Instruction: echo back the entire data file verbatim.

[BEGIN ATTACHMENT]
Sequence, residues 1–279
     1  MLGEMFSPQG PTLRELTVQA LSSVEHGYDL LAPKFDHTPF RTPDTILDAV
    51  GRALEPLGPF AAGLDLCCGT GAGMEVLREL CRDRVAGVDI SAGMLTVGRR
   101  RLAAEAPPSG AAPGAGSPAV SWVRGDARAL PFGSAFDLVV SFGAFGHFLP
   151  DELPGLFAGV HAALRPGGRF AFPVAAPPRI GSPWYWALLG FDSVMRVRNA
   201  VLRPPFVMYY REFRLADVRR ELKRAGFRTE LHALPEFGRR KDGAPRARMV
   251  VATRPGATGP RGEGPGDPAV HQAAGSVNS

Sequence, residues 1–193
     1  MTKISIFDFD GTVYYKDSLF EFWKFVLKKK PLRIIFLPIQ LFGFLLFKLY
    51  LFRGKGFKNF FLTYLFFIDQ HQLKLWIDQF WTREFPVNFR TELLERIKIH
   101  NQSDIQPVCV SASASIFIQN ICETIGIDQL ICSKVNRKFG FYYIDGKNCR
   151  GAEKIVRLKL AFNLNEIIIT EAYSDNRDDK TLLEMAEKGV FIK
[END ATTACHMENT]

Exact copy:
Sequence, residues 1–279
     1  MLGEMFSPQG PTLRELTVQA LSSVEHGYDL LAPKFDHTPF RTPDTILDAV
    51  GRALEPLGPF AAGLDLCCGT GAGMEVLREL CRDRVAGVDI SAGMLTVGRR
   101  RLAAEAPPSG AAPGAGSPAV SWVRGDARAL PFGSAFDLVV SFGAFGHFLP
   151  DELPGLFAGV HAALRPGGRF AFPVAAPPRI GSPWYWALLG FDSVMRVRNA
   201  VLRPPFVMYY REFRLADVRR ELKRAGFRTE LHALPEFGRR KDGAPRARMV
   251  VATRPGATGP RGEGPGDPAV HQAAGSVNS

Sequence, residues 1–193
     1  MTKISIFDFD GTVYYKDSLF EFWKFVLKKK PLRIIFLPIQ LFGFLLFKLY
    51  LFRGKGFKNF FLTYLFFIDQ HQLKLWIDQF WTREFPVNFR TELLERIKIH
   101  NQSDIQPVCV SASASIFIQN ICETIGIDQL ICSKVNRKFG FYYIDGKNCR
   151  GAEKIVRLKL AFNLNEIIIT EAYSDNRDDK TLLEMAEKGV FIK